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To the editor,

I have read with interest the recent report by Liu and coworkers on the role of paraoxonase (PON) genes in ischemic stroke [1]. Based on 28 studies, the authors conclude to a risk-enhancing effect of a PON1 missense substitution, Q192R, and to nonsignificant effects of other paraoxonase gene variants. It would appear, however, that the data assembled do not reflect the existing evidence and, therefore, offer a distorted view of the role played by PON genes in the phenotype under study. Liu et al. do not specify the data freeze for including studies in their analysis but a rapid search disclosed multiple investigations that were omitted, e.g., for Q192R, Topić et al. [2], Voetsch et al. [3], and Ranade et al. [4], to name only a few. Intriguingly, a number of other studies were first retrieved by Liu et al. but were then overlooked in the analysis, e.g., for Q192R, references 34 and 36 were dropped. Likewise, for PON1 L55M, data are missing from references 41 and 46. For PON2 G148A, data are missing from reference 53 which identifies G as the major allele leading to a substantial shift in the overall risk. The figures given for PON2 C311S are grossly in error in that the protective and at-risk alleles were muddled for references 46 and 52 in table 2. Moreover, several large investigations are again missing, e.g., Wang et al. [5]. On the whole, the above flaws call for a cautious stand on the proposed contribution made by PON genes to augmenting the risk for ischaemic stroke.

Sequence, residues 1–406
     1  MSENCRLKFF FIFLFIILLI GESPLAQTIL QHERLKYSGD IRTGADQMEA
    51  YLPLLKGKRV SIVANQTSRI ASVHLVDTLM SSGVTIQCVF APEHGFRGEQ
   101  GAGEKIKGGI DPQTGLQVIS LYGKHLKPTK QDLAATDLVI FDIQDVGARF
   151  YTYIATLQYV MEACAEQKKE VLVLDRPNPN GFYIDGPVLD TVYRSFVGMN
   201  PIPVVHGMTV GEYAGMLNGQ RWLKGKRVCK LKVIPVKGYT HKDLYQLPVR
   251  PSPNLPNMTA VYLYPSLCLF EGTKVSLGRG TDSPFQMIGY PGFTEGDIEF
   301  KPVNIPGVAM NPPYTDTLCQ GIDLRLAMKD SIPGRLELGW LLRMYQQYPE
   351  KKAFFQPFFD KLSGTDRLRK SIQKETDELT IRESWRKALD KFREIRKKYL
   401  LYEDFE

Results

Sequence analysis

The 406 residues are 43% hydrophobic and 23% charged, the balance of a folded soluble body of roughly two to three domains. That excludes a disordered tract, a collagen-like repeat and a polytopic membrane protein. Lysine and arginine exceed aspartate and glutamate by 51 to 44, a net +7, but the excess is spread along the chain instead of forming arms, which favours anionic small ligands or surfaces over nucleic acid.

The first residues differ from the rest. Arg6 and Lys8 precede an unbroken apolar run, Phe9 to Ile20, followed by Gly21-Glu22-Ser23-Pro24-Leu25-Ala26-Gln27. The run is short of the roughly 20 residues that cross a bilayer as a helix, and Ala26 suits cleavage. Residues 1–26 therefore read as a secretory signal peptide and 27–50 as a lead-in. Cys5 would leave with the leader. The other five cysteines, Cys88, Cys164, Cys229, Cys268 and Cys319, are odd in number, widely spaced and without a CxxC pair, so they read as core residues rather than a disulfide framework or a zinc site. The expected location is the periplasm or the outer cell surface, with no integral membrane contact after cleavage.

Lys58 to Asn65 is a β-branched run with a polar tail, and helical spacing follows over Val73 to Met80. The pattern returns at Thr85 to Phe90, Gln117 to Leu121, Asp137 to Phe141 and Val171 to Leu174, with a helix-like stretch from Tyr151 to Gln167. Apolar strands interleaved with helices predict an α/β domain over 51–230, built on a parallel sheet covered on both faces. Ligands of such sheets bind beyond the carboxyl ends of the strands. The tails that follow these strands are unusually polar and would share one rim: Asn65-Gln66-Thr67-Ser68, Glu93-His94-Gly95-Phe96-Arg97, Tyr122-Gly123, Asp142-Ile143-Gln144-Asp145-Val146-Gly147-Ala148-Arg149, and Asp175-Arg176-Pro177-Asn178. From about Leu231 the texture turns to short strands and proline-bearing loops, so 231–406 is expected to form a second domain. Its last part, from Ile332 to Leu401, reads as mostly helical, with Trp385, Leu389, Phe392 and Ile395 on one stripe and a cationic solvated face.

References

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  2. References
  • 1
    Liu H, Xia P, Liu M et al. PON gene polymorphisms and ischaemic stroke: a systematic review and meta analysis. Int J Stroke 2013; 8:111123.
  • 2
    Topić E, Simundić AM, Ttefanović M et al. Polymorphism of apoprotein E (APOE), methylenetetrahydrofolate reductase (MTHFR) and paraoxonase (PON1) genes in patients with cerebrovascular disease. Clin Chem Lab Med 2001; 39:346350.
  • 3
    Voetsch B, Benke KS, Panhuysen CI et al. The combined effect of paraoxonase promoter and coding region polymorphisms on the risk of arterial ischemic stroke among young adults. Arch Neurol 2004; 61:351356.
  • 4
    Ranade K, Kirchgessner TG, Iakoubova OA et al. Evaluation of the paraoxonases as candidate genes for stroke: Gln192Arg polymorphism in the paraoxonase 1 gene is associated with increased risk of stroke. Stroke 2005; 36:23462350.
  • 5
    Wang X, Cheng S, Brophy VH et al. A meta-analysis of candidate gene polymorphisms and ischemic stroke in 6 study populations: association of lymphotoxin-alpha in nonhypertensive patients. Stroke 2009; 40:683695.